Category: Rosetta Stone

The Rosetta Stone is one of the most famous artifacts in the history of archaeology and linguistics. Discovered in 1799 by a French soldier during Napoleon Bonaparte’s Egyptian campaign, this inscribed stone proved to be the key to deciphering ancient Egyptian hieroglyphs.

Below, World History Edu explores what the Rosetta stone and why it is extremely important.


The Rosetta Stone is a fragment of a larger stela (a stone slab) made of granodiorite. It measures approximately 112.3 cm in height, 75.7 cm in width, and 28.4 cm in thickness.


What makes the Rosetta Stone so unique is that the same text is inscribed on it in three different scripts:

    • Hieroglyphic: The script used for important or religious documents in ancient Egypt.
    • Demotic: A common script used for daily purposes in ancient Egypt.
    • Greek: The language of the rulers of Egypt at the time the stone was inscribed.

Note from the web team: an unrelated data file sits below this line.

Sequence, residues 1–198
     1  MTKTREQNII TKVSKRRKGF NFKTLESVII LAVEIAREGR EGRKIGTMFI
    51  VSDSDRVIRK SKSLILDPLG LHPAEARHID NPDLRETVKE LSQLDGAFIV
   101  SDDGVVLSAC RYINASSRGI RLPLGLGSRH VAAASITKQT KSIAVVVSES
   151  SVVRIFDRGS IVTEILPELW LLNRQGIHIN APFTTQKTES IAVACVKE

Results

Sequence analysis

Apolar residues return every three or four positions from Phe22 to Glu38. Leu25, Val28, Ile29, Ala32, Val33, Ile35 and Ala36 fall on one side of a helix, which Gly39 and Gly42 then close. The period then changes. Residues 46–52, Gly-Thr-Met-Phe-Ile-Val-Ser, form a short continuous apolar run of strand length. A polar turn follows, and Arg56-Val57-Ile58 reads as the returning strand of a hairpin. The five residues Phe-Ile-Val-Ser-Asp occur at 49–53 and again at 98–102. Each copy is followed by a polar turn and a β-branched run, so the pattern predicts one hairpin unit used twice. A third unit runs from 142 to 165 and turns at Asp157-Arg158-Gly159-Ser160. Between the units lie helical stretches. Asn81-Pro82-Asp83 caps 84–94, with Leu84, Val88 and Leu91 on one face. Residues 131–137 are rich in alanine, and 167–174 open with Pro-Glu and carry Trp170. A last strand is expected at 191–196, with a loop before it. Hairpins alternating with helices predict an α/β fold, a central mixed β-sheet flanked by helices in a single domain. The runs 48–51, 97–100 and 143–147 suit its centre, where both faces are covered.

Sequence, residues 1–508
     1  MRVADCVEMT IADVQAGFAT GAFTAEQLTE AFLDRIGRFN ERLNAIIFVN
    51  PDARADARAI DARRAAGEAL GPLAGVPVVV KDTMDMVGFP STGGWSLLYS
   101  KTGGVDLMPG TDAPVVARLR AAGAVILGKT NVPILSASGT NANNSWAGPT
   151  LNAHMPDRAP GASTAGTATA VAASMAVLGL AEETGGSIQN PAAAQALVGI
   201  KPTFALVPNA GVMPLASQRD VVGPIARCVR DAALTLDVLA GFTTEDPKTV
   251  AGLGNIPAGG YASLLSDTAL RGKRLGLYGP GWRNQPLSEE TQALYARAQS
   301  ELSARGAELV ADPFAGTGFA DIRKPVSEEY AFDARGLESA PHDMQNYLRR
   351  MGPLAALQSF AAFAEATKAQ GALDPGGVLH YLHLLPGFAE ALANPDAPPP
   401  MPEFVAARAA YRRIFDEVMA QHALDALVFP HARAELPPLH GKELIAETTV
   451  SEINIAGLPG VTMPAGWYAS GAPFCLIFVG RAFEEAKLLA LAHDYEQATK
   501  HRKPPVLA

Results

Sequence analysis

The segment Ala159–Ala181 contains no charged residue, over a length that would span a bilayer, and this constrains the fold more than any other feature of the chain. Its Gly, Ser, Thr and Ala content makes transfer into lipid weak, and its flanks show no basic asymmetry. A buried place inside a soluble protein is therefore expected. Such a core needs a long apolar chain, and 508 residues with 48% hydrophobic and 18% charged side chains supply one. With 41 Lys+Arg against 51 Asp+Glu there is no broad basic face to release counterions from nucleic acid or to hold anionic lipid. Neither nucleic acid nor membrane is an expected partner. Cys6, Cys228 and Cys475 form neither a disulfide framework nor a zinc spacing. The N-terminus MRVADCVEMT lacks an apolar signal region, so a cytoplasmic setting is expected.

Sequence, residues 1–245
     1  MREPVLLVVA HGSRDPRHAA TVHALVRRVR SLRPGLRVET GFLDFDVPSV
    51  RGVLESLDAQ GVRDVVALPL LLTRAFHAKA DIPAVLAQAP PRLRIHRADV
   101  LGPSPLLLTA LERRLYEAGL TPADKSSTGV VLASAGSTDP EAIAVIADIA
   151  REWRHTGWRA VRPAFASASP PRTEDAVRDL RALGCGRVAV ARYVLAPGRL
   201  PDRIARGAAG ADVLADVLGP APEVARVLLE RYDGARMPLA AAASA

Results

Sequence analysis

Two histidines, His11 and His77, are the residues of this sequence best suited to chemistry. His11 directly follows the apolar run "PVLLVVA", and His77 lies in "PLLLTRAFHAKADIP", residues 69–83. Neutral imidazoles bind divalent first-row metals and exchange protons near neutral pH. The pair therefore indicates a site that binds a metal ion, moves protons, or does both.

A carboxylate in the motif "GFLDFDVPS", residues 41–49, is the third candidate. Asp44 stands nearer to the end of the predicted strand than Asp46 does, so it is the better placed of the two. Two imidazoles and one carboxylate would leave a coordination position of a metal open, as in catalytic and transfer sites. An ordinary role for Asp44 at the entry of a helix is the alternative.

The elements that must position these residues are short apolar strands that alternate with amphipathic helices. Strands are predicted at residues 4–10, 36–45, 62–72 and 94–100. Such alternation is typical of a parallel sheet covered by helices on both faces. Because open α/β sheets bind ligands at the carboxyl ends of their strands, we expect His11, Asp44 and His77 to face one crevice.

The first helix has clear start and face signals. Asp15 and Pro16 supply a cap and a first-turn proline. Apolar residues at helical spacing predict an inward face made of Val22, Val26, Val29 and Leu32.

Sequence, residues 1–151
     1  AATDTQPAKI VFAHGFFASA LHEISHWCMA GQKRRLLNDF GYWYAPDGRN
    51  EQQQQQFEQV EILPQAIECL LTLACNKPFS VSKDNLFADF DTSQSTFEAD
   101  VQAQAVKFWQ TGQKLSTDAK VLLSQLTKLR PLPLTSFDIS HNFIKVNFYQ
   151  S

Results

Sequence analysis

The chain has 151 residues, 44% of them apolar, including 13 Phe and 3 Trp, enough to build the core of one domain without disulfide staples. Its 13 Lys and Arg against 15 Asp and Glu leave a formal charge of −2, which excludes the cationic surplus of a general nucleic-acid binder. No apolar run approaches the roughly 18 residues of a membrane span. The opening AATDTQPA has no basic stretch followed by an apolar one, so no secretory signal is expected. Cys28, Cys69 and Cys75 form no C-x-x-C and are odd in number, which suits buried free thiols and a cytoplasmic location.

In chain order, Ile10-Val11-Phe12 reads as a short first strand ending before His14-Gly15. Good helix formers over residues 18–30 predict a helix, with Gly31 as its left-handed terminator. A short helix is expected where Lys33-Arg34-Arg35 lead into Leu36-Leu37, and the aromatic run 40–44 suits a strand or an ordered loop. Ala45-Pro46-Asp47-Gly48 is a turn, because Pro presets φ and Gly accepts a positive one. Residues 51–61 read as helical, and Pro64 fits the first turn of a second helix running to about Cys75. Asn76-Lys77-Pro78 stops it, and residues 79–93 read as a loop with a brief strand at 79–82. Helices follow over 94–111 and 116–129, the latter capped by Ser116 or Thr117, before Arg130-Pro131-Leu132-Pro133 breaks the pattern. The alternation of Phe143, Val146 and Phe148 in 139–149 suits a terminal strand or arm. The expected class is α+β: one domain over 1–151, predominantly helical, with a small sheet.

The inscriptions on the stone are a decree from King Ptolemy V, dating to 196 BC. The decree describes the repealing of various taxes and instructions to erect statues in temples.


Before the discovery of the Stone, hieroglyphs had not been understood for nearly 1,400 years. Scholars could read the Greek inscription and, by comparing it with the other scripts, began to understand the structure and vocabulary of hieroglyphs.

Decipherment of the Rosetta Stone

The primary individual credited with deciphering the hieroglyphs using the Rosetta Stone is Jean-François Champollion, a French scholar. By 1822, he had made significant progress in understanding the hieroglyphic script, paving the way for our modern understanding of ancient Egyptian literature, culture, history, and civilization.

Current Location

As of 2023, the Stone resides in the British Museum in London, where it attracts millions of visitors.